Roberta Piredda

and 4 more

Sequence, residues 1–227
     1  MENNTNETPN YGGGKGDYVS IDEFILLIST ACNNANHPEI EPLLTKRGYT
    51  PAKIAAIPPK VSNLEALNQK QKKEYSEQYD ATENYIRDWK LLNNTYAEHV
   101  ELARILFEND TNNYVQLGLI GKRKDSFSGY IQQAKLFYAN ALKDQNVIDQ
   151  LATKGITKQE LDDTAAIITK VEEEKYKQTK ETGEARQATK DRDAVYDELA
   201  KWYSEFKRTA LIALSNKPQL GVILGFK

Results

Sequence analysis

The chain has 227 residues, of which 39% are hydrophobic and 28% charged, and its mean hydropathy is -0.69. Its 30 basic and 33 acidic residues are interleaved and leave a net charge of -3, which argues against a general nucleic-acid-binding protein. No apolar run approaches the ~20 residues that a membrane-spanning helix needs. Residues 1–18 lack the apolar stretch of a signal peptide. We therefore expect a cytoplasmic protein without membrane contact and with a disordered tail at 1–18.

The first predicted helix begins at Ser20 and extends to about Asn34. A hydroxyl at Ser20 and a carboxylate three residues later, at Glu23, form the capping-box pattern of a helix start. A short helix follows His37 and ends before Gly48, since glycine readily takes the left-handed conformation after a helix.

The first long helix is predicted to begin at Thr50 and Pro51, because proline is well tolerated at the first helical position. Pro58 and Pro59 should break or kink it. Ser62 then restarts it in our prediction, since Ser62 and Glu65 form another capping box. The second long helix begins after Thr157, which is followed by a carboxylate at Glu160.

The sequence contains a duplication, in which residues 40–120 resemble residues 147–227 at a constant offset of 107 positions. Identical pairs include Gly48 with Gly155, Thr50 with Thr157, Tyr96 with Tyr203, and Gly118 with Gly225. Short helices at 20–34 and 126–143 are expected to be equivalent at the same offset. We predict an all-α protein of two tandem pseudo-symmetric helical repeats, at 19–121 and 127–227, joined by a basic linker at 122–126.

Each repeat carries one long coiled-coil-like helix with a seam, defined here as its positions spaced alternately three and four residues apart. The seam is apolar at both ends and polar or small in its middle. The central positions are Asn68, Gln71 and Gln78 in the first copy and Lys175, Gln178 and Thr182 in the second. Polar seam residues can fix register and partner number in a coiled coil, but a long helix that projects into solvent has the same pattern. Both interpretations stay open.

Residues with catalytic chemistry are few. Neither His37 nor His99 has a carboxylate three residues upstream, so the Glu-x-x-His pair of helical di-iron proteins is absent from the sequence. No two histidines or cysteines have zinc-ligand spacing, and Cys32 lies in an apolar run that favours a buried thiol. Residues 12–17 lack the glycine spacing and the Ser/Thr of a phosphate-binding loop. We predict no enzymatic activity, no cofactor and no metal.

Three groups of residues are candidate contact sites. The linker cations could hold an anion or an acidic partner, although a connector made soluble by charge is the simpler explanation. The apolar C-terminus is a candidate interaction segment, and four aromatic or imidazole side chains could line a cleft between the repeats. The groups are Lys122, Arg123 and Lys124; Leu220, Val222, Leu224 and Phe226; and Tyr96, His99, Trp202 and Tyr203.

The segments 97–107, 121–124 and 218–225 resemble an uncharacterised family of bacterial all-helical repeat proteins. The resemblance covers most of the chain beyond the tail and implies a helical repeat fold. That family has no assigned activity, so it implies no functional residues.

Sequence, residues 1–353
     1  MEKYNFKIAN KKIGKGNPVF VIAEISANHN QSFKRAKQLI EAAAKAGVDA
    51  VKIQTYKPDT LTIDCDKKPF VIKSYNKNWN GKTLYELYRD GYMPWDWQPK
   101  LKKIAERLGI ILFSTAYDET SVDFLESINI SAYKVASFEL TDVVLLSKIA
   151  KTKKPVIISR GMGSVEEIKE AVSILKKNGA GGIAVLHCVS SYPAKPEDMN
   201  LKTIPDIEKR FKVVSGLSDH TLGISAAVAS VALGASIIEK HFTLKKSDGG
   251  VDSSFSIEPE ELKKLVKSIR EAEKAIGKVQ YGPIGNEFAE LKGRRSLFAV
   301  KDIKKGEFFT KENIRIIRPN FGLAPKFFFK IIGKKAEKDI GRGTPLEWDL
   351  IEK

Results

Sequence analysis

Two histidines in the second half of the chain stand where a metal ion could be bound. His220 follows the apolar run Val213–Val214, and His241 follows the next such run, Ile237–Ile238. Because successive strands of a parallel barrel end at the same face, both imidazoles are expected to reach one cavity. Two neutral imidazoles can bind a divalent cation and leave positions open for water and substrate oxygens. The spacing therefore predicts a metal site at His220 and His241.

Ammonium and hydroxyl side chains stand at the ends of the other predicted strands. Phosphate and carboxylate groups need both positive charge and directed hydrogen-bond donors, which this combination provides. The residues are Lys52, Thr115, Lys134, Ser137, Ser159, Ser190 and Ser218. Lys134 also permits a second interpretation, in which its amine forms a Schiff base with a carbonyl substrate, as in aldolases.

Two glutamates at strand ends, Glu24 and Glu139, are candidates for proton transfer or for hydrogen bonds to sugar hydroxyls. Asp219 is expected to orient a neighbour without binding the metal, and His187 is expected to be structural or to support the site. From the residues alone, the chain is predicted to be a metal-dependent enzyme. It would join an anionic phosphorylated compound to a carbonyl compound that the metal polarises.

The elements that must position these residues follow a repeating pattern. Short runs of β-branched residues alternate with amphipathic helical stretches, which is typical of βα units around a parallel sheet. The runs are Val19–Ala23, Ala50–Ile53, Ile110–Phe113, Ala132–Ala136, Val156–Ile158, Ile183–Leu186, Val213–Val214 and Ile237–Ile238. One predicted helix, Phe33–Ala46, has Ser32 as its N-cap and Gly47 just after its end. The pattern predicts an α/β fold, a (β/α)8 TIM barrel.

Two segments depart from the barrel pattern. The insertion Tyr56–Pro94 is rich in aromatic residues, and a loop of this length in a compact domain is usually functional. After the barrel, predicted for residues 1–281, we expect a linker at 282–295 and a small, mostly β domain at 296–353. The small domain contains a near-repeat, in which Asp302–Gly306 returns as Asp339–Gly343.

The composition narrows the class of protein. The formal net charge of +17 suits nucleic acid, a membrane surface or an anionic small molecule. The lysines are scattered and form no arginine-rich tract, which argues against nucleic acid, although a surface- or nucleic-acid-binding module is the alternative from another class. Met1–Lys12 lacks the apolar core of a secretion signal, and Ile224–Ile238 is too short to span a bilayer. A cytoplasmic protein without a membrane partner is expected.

Measuring biological diversity is a crucial but difficult undertaking, as exemplified in oaks where complex morphological, ecological, biogeographic and genetic differentiation patterns collide with traditional taxonomy that measures biodiversity in number of species (or higher taxa). In this pilot study, we generated High-Throughput Sequencing (HTS) amplicon data of the intergenic spacer of the 5S nuclear ribosomal DNA cistron (5S-IGS) in oaks, using six mock samples that differ in geographic origin, species composition, and pool complexity. The potential of the marker for automated geno-taxonomy applications was assessed using a reference dataset of 1770 5S-IGS cloned sequences, covering the entire taxonomic breadth and distribution range of western Eurasian Quercus, and applying similarity (BLAST) and evolutionary approaches (ML trees and EPA). Both methods performed equally well, with correct identification of species in sections Ilex and Cerris in the pure and mixed samples and main genotypes shared by species of sect. Quercus. Application of different cut-off thresholds revealed that medium-high abundance sequences (>10 or 25) suffice for a net species identification of samples containing one or few individuals. Lower thresholds identify phylogenetic correspondence with all target species in highly mixed samples (analogue to environmental bulk samples) and include rare variants pointing towards reticulation, incomplete lineage sorting, pseudogenic 5S units, and in-situ (natural) contamination. Our pipeline is highly promising for future assessments of intra-specific and inter-population diversity, and of the genetic resources of natural ecosystems, which are fundamental to empower fast and solid biodiversity conservation programs worldwide.